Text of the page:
On the other hand, neither DEQ's own analysis nor JLARC staff's analysis of the agency's monitoring data supports the assertion that the State's water quality has improved since the creation of DEQ in 1993. There has probably been a long-term improvement in the State's surface water quality since the passage of the federal Clean Water Act in 1972. A combined State, federal, and local investment of approximately $2.1 billion dollars during this time in sewage treatment plant upgrades has helped account for much of this improvement. However, DEQ is not meeting the current challenges of the water quality program. These include the following:
• identifying the impaired waterways in the Commonwealth;
• dealing with long-term cases of noncompliance and enforcing the water pollution laws in a certain, timely, and consistent manner to ensure compliance by the regulated community;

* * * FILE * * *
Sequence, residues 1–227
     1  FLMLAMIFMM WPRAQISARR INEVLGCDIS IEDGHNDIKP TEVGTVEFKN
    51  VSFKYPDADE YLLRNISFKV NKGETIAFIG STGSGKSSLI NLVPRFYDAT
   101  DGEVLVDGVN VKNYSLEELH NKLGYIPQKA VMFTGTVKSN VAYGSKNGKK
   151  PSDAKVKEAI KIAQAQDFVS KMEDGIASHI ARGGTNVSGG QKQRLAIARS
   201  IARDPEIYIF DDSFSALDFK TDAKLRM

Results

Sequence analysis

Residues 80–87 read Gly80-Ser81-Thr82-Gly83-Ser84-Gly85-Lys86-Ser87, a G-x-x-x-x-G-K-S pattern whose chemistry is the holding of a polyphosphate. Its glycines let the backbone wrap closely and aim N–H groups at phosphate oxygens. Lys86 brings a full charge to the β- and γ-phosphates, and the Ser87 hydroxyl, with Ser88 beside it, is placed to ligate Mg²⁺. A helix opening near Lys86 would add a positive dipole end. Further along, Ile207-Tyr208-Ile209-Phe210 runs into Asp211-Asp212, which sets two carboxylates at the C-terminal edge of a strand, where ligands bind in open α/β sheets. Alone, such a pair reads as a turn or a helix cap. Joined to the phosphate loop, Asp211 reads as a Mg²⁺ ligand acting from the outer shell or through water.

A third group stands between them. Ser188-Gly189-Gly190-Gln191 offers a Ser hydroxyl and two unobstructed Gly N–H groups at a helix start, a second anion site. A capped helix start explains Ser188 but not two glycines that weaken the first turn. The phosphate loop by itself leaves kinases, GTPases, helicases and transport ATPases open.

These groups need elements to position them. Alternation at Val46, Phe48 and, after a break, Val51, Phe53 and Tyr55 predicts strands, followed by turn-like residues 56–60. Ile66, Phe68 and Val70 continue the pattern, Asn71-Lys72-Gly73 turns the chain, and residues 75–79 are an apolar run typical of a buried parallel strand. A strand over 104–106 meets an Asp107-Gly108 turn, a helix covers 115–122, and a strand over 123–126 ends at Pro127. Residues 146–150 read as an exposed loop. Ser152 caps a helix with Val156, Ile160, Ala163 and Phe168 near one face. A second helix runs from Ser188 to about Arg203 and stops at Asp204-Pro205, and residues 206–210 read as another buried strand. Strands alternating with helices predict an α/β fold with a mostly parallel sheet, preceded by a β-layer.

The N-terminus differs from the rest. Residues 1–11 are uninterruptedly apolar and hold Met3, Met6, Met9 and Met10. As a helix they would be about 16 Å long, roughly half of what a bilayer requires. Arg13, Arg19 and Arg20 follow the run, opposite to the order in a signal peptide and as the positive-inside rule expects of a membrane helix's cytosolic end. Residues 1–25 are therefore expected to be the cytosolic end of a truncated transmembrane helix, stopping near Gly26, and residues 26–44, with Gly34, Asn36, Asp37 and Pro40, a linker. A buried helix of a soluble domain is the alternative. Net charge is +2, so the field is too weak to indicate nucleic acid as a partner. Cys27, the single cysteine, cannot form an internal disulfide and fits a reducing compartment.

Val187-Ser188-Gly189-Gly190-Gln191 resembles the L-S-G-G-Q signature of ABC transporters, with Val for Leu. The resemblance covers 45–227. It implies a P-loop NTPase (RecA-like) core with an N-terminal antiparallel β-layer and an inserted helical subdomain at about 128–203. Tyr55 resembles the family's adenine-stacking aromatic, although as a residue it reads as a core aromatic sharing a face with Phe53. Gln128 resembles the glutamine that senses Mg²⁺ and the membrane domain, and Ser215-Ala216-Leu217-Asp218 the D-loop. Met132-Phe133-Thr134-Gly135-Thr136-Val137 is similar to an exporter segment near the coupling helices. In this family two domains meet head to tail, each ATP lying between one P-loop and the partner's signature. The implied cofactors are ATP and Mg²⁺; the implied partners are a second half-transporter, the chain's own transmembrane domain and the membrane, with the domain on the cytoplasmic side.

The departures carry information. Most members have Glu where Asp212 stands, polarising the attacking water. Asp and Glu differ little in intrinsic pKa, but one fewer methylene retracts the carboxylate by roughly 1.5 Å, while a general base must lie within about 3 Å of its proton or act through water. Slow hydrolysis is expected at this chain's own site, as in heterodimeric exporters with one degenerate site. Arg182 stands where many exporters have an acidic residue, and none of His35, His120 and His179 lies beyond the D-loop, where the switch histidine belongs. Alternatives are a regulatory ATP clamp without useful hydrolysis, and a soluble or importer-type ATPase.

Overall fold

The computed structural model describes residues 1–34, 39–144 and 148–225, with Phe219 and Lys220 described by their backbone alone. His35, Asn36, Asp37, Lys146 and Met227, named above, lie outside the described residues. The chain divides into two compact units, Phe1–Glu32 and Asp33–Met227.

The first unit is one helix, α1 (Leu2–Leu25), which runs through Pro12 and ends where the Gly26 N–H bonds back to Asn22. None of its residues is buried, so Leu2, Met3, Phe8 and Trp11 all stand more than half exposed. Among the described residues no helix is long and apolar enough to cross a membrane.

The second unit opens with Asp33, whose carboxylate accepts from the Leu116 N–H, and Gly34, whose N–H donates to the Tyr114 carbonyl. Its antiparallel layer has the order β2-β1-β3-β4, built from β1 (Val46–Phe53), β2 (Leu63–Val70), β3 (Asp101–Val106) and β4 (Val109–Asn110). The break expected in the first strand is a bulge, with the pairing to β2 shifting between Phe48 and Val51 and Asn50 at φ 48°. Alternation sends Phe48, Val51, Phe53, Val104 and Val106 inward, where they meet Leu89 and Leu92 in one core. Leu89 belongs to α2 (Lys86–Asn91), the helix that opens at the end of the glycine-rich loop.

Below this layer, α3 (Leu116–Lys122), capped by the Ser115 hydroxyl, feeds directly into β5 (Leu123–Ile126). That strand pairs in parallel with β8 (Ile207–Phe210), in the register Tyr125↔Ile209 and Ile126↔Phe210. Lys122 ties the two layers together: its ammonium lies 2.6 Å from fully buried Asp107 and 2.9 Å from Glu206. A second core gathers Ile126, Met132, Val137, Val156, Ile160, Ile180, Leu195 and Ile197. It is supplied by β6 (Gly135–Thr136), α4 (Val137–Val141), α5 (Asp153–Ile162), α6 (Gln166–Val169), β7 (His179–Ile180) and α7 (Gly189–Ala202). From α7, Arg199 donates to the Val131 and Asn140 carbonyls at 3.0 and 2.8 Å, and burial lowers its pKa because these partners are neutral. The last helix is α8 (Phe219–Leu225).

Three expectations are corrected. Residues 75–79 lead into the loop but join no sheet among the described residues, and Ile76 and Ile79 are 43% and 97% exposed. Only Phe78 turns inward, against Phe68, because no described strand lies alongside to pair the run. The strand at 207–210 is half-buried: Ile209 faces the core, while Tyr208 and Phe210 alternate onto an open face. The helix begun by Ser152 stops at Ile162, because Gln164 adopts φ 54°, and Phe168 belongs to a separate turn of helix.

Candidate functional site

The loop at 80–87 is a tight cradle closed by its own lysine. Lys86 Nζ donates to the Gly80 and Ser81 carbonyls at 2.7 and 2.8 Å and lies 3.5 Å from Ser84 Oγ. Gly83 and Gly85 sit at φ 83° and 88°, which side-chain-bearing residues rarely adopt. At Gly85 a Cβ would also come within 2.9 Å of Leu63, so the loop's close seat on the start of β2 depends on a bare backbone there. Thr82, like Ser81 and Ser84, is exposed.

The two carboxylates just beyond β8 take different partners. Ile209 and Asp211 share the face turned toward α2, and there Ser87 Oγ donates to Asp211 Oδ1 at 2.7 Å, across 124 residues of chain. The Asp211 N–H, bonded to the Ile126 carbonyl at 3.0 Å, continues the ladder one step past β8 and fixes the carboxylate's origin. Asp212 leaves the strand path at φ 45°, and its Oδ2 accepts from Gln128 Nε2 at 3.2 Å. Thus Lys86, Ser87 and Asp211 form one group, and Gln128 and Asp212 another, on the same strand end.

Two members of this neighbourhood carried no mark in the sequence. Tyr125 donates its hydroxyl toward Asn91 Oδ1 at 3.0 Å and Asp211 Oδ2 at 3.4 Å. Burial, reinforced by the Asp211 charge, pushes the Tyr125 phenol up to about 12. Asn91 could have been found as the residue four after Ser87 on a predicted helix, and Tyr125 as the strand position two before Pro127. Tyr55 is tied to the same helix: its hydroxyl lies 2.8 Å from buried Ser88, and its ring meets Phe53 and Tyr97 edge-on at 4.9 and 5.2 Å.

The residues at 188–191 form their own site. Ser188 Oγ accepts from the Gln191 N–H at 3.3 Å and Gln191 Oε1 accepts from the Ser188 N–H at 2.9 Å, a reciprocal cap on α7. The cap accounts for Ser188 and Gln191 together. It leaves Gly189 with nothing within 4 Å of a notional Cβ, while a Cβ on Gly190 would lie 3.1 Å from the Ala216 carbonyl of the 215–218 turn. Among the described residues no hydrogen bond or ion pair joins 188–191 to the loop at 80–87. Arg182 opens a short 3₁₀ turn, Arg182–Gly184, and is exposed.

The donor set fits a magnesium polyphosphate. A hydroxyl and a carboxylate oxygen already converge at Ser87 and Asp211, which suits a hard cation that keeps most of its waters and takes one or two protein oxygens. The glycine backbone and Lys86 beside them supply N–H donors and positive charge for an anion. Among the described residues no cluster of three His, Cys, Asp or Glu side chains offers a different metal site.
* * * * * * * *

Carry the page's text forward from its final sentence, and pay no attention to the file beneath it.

• implementing an effective regulatory program in the State's groundwater management areas; and
• conducting water supply planning to ensure an adequate supply of drinking water as the Commonwealth continues to experience rapid population growth.
The State continues to experience difficulty in addressing long-term noncompliance and does not have a consistent, credible enforcement program, even in cases where point sources of pollution are causing impairment of waterways. In the face of significant opposition from the regulated community, DEQ continues to grapple with the role of metals and other toxic pollutants in water quality. DEQ has yet to expand its biological monitoring program sufficiently, and the agency has yet to establish a credible groundwater regulatory program. Finally, DEQ has neglected water supply planning, leaving a critical gap in the Commonwealth's environmental programs. DEQ's lack of leadership in these areas puts the State's future water quality at risk.